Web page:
Saturday, December 11, 2004

In defense of hip-hop criticical literature; in defense of criticism.

Anyone who knows me will tell you that I have been doing two things very consistently over the past few years. Other activities and ideas have come and gone, but hip-hop and criticism have been the only things to remain firm favourites.

By hip-hop, I mean the music genre. I will not attempt to define it exactly here; to do so would lead unnecessarily to the kind of wanky, over-intellectualised thesis that I and others deeply involved in artistic-generic theory might find interesting, the kind of thesis that, however, will put almost any potential reader off.

By criticism, I do not mean simply being critical (although I very frequently, and very acerbically, am), but thinking critically; the difference is that someone who is being critical is not necessarily thinking critically. It is very easy to dismiss anything and everything out of hand, but it is less easy to have good reason to do so. If I ever am critical, I try to make sure it is because I have first thought critically. Indeed, in a blog intended largely to make many of our supposed ‘critical thinkers’ less needlessly, dismissively critical of a certain type of music, it would be sadly ironic to sink into the same lazy thought myself.

In a more specific sense, I mean formalised, written criticism. For those not familiar with the term (and, as important as this is to me, I realise that surprisingly few have ever had real contact with it), this formal criticism is essentially an investigation into what makes a piece of art ‘work’. It can be broken down by different art-forms: literary, artistic, musical. It can be looked at by its approach to the artwork in question; this, in turn, can be divided into certain ideas and theories of how art affects us: psycho-analytical, formalist, historicist. All of this sounds complex, and is indeed, but is not impenetrable.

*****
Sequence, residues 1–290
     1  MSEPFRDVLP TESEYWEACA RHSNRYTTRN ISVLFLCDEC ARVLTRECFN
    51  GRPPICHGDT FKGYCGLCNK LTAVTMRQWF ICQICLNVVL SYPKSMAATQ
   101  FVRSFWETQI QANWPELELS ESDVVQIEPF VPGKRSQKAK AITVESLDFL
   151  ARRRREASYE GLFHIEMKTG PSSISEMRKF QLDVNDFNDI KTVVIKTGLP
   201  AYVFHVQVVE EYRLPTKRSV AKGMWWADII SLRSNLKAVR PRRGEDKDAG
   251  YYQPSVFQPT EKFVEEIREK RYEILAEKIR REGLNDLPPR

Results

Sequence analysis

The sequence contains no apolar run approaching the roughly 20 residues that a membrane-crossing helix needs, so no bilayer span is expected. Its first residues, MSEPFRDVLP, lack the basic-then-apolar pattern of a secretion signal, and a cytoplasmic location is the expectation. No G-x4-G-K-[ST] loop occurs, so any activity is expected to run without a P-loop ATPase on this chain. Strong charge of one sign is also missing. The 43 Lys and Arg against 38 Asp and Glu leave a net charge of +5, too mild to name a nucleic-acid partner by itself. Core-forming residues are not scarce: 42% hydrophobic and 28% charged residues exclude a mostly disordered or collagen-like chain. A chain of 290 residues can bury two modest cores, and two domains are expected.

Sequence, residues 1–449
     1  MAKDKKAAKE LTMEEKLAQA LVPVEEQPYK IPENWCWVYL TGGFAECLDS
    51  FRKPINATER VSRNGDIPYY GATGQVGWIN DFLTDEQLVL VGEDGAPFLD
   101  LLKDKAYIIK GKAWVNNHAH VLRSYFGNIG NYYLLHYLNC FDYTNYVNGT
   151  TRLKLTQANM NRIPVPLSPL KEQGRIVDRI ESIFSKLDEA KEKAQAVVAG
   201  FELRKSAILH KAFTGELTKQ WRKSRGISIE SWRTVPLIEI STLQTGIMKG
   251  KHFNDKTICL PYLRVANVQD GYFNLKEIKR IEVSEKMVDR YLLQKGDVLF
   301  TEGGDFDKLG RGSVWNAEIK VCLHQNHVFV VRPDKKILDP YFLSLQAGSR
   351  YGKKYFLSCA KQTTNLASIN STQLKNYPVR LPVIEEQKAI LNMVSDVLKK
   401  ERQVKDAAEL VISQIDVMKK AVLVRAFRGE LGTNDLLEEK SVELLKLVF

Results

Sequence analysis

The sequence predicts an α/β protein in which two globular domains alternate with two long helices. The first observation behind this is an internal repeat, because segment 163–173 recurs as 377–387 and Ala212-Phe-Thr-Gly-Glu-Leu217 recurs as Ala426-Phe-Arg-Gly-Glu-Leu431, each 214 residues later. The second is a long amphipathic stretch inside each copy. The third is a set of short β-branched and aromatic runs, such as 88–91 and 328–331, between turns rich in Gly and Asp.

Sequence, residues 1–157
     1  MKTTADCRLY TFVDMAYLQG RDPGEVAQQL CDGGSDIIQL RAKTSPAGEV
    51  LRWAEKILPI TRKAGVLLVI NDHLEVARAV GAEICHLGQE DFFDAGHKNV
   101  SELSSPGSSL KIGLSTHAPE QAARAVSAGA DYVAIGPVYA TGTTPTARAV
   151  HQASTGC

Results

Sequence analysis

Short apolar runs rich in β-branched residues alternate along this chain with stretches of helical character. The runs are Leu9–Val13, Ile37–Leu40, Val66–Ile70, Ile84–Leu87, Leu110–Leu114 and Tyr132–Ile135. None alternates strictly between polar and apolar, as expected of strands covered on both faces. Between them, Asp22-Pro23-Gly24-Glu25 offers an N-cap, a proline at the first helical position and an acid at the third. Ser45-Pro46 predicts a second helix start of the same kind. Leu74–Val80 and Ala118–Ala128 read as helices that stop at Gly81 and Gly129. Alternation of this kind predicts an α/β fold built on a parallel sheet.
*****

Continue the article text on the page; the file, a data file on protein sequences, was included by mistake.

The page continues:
Let us take a piece of formal written criticism: it is called “Human animalism: animalistic humanity – A psycho-analytical authorial approach to Lord of the Flies”. It sounds intellectual, and it is. It sounds somewhat jargonistic, and it is. Yet, if you know the jargon, the essay-title will already have your mind on the right train. The essay is dealing with a work of literature. It is using psycho-analysis, i.e. the unpacking of the subconscious, to discover motivations of its author and how they work in the text. This means that it is less focused on the traditional aspects of the book – its plot and the techniques used to write it – and more interested in what certain key words and actions reveal about the author. If it were called “A proto-language of Savagery – Golding’s linguistic mirror of deterioration in Lord of the Flies”, we would know that the essay will be concentrating on how the language that the author consciously gives his characters reflects something about them and makes the text work.